Life cycle assessment of renewable-based hydrocarbon plastics
Licentiatavhandling, 2011

Plastics are an important commodity of our daily life. And although their majority is still based on fossil feedstocks, numerous efforts are made to stem the environmental consequences related to their production. One approach is the use of renewable materials (biomass) to produce today’s conventional plastics. Though a considerable part of the development linked to this approach is still in an emerging state, there is a need to assess the environmental impact of these plastics in order to increase knowledge about the environmental advantages and disadvantages of conventional biomass-based plastics. The aims of this thesis are: 1. To investigate the environmental impact of producing conventional plastics from biomass-based monomers - using low density polyethylene (LDPE) as test case. 2. To investigate the potential of using process simulation for life cycle assessments (LCA) of emerging technologies. 3. To develop a framework that facilitates simplified LCAs for the production of conventional, biomass-based plastics from different types of biomass and via different conversion processes. The results for greenhouse gas emissions from LDPE based on sugarcane ethanol are uncertain due to uncertainties in data and methodology for emissions from land use change, in particular from indirect land use change (ILUC). Sugarcane LDPE can be better than the fossil alternative, as was found when using a low estimate for ILUC emissions. However, its potential global warming impact can become similar to that of the fossil LDPE, when using a high estimate for ILUC emissions. For other environmental impacts (acidification, photochemical ozone creation, eutrophication) the fossil and the sugarcane alternative showed similar values, with transport being a key contributor. The LDPE based on sawmill chips ethanol was found to have, at its current state of development, an in general higher environmental impact than the sugarcane and the fossil alternative. The key contributor is off-site enzyme production. For the emerging technology part of the renewable life cycles data is scarce. Process simulation was therefore used to verify and supply data (ethylene production step for both assessments respectively ethanol production step for sawmill chips case). It has been shown to complement the life cycle inventory and with this allowed the assessment of the two biomass cases. The environmental key contributors (dominant life cycle activities) identified in the above work, together with key contributors found during literature screening, were combined to a framework. Its purpose is to enable simplified LCAs, which can be used to guide further investigations. Viewed from the current state, renewable routes for the production of conventional plastics like LDPE will need technical improvements, as well as careful decisions regarding biomass choices. Simplified assessments can support these needs in the way that they enable a comparably fast supply of data, which is needed at the screening stage of a project. Key words: renewable LDPE; LCA and process simulation; simplified LCA for conventional, biomass-based plastics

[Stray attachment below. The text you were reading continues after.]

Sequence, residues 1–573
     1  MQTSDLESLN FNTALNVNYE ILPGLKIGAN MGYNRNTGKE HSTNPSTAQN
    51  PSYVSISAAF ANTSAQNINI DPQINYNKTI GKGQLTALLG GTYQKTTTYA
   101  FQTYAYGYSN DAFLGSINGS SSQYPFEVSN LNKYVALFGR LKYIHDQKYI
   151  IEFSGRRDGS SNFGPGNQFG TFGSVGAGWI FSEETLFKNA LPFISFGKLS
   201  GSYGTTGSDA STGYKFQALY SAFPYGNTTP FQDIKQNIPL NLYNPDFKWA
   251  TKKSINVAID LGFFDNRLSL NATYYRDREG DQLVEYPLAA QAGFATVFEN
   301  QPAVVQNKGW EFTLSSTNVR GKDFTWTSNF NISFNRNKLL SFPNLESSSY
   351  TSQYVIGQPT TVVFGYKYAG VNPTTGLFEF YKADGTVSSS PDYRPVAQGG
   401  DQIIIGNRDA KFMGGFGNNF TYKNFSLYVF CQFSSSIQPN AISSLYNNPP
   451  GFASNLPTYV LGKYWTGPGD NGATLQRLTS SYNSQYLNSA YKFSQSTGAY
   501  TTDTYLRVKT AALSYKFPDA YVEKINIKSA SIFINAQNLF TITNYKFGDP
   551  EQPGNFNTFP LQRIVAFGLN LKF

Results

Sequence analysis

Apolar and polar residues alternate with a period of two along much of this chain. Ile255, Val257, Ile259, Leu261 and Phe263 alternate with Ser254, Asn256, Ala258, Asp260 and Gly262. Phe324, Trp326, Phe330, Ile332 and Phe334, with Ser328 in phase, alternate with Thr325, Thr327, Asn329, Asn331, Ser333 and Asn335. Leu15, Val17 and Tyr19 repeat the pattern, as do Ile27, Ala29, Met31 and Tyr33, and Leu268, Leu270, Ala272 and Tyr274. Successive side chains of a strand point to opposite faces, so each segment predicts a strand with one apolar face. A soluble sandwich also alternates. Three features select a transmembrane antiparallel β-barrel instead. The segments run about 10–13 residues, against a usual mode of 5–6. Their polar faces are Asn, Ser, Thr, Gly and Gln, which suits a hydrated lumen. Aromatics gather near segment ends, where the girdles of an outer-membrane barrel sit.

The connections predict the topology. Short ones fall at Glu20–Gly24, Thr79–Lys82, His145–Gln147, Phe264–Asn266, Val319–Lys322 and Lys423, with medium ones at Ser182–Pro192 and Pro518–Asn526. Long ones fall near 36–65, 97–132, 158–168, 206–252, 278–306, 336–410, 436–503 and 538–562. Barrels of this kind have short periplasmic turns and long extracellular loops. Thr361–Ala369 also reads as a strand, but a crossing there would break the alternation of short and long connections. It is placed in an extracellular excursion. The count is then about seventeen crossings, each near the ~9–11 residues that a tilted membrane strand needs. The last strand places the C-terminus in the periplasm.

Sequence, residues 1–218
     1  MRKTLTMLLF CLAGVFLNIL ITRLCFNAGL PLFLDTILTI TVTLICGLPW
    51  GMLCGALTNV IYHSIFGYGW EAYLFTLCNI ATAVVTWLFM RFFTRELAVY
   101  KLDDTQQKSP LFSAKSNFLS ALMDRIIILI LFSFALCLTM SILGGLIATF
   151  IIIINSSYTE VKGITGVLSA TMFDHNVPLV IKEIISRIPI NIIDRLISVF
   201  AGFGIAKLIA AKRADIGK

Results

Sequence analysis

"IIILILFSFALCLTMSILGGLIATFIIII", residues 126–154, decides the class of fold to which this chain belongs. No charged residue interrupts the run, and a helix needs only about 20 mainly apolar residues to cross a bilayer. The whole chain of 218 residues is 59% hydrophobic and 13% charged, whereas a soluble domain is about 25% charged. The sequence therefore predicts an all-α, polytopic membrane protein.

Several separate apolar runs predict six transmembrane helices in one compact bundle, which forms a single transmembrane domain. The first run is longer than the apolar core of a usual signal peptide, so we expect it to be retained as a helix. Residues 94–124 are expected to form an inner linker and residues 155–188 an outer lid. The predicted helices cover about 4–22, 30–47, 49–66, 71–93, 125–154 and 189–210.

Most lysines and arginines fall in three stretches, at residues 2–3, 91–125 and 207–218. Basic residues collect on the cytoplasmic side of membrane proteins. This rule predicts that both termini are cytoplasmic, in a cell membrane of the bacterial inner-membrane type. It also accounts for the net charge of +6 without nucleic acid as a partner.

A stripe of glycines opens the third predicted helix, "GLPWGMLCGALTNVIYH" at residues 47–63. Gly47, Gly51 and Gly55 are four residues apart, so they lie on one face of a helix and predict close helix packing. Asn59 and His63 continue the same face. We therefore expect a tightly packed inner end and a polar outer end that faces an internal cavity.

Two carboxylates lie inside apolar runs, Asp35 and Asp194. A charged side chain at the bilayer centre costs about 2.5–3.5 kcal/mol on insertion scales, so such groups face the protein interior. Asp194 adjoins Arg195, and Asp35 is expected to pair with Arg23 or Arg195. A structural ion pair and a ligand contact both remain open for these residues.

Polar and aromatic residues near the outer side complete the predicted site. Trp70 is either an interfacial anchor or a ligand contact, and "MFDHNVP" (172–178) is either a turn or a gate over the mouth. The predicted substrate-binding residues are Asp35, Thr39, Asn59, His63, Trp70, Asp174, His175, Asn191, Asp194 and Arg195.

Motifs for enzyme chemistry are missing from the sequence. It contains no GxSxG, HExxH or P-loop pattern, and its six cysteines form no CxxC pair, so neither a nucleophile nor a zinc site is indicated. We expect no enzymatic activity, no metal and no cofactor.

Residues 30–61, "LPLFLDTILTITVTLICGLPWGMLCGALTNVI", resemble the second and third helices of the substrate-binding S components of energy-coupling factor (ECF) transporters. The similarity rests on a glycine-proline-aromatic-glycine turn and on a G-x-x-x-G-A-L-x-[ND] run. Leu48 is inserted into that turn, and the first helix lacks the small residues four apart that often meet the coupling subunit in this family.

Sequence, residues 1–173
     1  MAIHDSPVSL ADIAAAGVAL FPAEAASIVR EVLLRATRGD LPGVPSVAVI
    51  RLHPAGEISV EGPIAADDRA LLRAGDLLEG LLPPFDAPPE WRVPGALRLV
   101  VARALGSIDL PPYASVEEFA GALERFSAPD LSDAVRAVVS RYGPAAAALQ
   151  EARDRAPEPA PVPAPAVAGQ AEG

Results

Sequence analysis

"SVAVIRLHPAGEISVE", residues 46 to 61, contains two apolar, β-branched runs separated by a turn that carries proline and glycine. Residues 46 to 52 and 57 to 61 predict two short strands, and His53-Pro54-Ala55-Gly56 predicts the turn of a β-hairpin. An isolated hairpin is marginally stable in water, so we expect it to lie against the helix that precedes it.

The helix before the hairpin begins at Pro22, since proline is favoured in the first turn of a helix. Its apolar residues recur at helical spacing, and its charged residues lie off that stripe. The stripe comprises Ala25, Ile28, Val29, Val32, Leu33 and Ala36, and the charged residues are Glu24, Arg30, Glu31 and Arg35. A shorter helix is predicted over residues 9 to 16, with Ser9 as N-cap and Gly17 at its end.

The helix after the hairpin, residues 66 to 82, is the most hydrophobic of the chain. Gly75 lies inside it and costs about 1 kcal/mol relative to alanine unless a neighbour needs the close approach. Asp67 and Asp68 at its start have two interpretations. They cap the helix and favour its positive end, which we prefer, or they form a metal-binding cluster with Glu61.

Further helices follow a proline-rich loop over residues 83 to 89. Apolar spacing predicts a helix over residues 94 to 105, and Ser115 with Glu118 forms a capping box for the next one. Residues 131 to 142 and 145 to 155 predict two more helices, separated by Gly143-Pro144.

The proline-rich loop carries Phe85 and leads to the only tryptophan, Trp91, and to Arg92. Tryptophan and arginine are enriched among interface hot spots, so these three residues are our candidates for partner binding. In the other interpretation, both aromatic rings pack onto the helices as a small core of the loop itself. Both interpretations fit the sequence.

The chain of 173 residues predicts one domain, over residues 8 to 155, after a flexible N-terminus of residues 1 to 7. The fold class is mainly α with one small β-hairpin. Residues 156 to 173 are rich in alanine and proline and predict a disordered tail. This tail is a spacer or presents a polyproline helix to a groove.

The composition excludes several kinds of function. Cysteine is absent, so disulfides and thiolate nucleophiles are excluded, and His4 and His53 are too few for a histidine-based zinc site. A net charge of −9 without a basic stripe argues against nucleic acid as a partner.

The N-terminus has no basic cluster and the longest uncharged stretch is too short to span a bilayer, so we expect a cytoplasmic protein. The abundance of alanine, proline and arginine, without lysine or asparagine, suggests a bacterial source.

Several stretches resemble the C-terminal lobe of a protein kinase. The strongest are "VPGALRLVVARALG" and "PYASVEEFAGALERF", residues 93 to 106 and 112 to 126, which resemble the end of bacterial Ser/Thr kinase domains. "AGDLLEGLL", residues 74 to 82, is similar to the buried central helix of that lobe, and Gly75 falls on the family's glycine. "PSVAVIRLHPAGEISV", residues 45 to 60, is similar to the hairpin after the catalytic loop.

renewable LDPE

biomass-based plastics

simplified LCA for conventional

LCA and process simulation

room VH, Sven Hultins Gata 6, Chalmers University, Göteborg
Opponent: Dr. Francesco Cherubini


Christin Liptow

Chalmers, Energi och miljö, Miljösystemanalys


Hållbar utveckling


Livsvetenskaper och teknik


Övrig annan samhällsvetenskap

Report / Division of Environmental Systems Analysis, Chalmers University of Technology: 2011:17

room VH, Sven Hultins Gata 6, Chalmers University, Göteborg

Opponent: Dr. Francesco Cherubini